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MESSENGER and Venus Express Observations of the Solar Wind Interaction with Venus: A Dual Spacecraft Study

By James A. Slavin, Jr. R. L. McNutt, S. C. Solomon, H. Korth, G. Gloeckler, M. Sarantos, M. Fraenz, S. Barabash, B. J. Anderson, T. Zhang, S. A. Boardsen, S. M. Krimigis, R. E. Gold, J. M. Raines, T. H. Zurbuchen, M. H. Acuna, M. Benna and G. C. Ho


At 23:08 UT on 5 June 2007 the MESSENGER spacecraft reached its closest approach altitude (338 krn) during its second flyby of Venus en route to its 201 1 orbit insertion at Mercury. Whereas no measurements were collected during MESSENGER'S first Venus flyby in October 2006, the Magnetometer (MAG) and the Energetic Particle and Plasma Spectrometer (EPPS) operated successfully throughout this second encounter. Venus provides the solar system's best example to date of a solar wind - ionosphere planetary interaction. Pioneer Venus Orbiter measurements have shown that this interaction affects the upper atmosphere and ionosphere down to altitudes of - 150 km. Here we present an initial overview of the MESSENGER observations during the - 4 hrs that the spacecraft spent within 10 planet radii of Venus and, together with Venus Express measurements, examine the influence of solar wind plasma and interplanetary magnetic field conditions on the solar wind interaction at solar minimum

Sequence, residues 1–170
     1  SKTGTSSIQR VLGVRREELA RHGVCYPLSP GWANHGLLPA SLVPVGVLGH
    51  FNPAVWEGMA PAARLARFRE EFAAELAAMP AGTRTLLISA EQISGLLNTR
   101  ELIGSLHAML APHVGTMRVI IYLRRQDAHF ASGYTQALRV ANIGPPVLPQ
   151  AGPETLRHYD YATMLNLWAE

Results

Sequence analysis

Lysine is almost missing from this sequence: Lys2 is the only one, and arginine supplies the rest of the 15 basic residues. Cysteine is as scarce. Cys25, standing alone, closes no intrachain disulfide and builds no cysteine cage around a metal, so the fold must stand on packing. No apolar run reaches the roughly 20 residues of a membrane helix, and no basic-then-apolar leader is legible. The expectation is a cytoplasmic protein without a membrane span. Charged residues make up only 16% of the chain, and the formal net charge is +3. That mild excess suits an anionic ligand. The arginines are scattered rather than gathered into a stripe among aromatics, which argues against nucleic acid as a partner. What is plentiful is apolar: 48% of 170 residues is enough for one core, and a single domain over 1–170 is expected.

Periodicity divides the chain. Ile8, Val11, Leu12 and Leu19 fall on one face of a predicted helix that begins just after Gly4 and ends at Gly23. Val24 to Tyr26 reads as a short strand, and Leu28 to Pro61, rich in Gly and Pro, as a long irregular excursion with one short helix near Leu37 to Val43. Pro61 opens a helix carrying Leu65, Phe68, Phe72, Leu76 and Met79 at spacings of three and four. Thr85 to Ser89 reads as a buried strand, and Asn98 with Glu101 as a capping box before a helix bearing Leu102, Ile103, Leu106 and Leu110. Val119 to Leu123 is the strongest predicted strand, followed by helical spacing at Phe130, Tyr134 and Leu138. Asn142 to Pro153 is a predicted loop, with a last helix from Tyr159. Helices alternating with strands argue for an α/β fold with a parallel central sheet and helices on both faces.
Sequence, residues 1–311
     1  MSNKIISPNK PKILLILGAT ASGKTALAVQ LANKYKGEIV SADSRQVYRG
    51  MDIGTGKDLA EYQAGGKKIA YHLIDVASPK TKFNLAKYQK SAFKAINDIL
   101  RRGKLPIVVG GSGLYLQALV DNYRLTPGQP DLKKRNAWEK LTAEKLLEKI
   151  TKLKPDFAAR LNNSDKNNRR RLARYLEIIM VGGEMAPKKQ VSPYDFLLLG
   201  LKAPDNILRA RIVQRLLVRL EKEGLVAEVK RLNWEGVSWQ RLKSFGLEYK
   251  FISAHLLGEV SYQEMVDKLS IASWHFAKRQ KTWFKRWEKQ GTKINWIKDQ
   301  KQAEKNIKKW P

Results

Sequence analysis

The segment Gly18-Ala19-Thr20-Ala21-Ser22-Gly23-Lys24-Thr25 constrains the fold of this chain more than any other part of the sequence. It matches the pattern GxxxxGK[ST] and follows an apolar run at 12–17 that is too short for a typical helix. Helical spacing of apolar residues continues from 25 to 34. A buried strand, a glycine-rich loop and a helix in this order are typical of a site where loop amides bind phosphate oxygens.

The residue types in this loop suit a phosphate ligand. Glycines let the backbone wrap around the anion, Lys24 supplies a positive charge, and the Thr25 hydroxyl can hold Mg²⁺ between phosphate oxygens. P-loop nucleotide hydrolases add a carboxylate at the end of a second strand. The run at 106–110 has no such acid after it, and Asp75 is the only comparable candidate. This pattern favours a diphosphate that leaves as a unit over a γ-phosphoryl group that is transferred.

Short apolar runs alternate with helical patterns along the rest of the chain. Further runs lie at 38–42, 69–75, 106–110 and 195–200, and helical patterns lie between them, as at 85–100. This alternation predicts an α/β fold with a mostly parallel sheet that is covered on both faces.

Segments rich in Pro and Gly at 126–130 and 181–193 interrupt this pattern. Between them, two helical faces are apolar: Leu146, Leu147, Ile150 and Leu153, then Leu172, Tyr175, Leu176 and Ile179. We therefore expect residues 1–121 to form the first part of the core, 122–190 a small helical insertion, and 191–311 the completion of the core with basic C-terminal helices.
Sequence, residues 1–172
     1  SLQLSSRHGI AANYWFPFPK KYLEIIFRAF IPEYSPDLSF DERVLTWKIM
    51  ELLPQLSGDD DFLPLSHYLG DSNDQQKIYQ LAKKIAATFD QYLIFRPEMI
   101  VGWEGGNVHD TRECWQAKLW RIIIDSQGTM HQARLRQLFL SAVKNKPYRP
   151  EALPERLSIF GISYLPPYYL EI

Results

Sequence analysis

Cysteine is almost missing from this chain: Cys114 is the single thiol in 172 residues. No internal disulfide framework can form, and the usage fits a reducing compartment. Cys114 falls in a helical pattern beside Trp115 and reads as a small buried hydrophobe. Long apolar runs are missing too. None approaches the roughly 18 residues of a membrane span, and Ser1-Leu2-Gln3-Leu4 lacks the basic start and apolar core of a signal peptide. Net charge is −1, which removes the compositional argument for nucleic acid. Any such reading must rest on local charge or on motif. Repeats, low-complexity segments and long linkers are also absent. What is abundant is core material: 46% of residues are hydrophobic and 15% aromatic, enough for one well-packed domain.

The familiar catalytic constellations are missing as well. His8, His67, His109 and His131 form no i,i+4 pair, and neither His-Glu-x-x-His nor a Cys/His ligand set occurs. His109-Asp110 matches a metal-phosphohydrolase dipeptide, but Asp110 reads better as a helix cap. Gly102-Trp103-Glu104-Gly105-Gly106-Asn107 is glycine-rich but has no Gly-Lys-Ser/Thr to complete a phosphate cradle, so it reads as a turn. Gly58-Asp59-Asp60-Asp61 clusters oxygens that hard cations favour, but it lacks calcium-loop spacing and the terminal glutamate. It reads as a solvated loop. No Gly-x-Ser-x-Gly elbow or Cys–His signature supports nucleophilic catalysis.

Topics: Solar Physics
Year: 2007
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